In the wake of the passing of the “Queen of Soul,” Aretha Franklin, this week U.S. Senators Kamala D. Harris (D-CA) and Orrin Hatch (R-UT), and U.S. Representatives Brenda Lawrence (D-MI) and Doug Collins (R-GA) introduced bicameral, bipartisan legislation to posthumously award Franklin the Congressional Gold Medal in recognition of her outstanding artistic and cultural contributions. In addition to Harris and Hatch, the legislation in the Senate was introduced by U.S. Senators Debbie Stabenow and Gary Peters (both D-MI).
The Aretha Franklin Congressional Gold Medal would honor Franklin’s role in shaping the nation’s culturally and socially relevant discography, and highlight how she was an example to all people in how one person’s talents can make a difference in the lives of millions of people across the globe.
“From listening to ‘Mary Don’t You Weep,’ to standing in the living room dancing to ‘Rock Steady’ over and over again, to hearing from the Queen herself how lucky I was to be young, gifted and Black – Aretha’s songs were the soundtrack of my childhood,” Harris said. “Aretha was simply a legend. Her work and impact will be felt for generations to come, and it’s long past time Congress honor her with the Congressional Gold Medal.”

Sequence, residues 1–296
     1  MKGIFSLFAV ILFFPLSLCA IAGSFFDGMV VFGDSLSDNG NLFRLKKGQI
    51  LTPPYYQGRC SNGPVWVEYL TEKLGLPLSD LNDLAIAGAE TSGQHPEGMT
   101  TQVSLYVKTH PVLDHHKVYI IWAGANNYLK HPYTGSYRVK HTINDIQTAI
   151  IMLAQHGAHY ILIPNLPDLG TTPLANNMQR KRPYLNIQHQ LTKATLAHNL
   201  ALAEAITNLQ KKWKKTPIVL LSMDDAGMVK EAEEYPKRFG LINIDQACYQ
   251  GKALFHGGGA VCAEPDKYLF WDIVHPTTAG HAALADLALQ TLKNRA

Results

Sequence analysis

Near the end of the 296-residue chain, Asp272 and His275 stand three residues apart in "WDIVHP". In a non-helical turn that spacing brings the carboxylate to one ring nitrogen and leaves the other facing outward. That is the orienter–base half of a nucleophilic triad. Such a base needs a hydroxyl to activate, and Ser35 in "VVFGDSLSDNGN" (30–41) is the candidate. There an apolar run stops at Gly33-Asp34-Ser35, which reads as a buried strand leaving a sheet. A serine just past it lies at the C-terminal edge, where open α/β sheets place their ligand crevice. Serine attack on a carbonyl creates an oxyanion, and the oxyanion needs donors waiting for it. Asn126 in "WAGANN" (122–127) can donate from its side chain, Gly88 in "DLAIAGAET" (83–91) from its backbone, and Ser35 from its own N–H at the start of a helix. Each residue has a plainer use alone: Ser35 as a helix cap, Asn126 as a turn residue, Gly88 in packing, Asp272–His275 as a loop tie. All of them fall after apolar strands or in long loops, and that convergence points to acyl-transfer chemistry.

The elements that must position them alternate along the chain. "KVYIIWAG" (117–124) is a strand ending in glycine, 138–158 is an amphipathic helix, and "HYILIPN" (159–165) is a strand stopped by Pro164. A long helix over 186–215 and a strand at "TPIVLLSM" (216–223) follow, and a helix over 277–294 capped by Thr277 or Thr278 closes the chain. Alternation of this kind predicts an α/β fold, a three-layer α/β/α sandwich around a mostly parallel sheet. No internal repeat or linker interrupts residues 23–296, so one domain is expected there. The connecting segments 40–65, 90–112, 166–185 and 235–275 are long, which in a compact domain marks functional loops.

“Aretha Franklin’s legacy, like her voice, will sing through the generations,” Hatch said. “Through her talent, she touched the hearts of millions, lifting all of us with songs of hope and humanity. Aretha brought light, laughter, and love to all who would hear. I’m grateful to play a small role in honoring the life of this remarkable artist.”
“I am proud to join Senator Harris in introducing a bill to award a Congressional Gold Medal to honor an American music legend; Aretha Franklin, for her contributions to American music culture,” said Rep. Lawrence. “Aretha Franklin was soul personified and she gave us the gift of her voice, her truth and her unapologetic passion to demand compassion, love and R-E-S-P-E-C-T for women everywhere. An iconic entertainer, powerful civil rights leader, history maker and a beautiful spirit I was privileged to call friend; we honor this Detroit native, the true Queen of Soul. She will be dearly missed, never forgotten and always treasured.”
“Aretha Franklin’s unparalleled impact on the music community will echo through generations,” Rep. Collins. “Her voice captured the emotions of our country and left us better in the process.”
Aretha Franklin’s music served as a 1960s call to action that inspired thousands to join civil rights movements and still maintains a social context that resonates across these movements today. Beyond her contributions to music and arts, Franklin was a philanthropic individual who supported causes related to civil rights, human health, and gender equality, in addition to causes within the creative arts.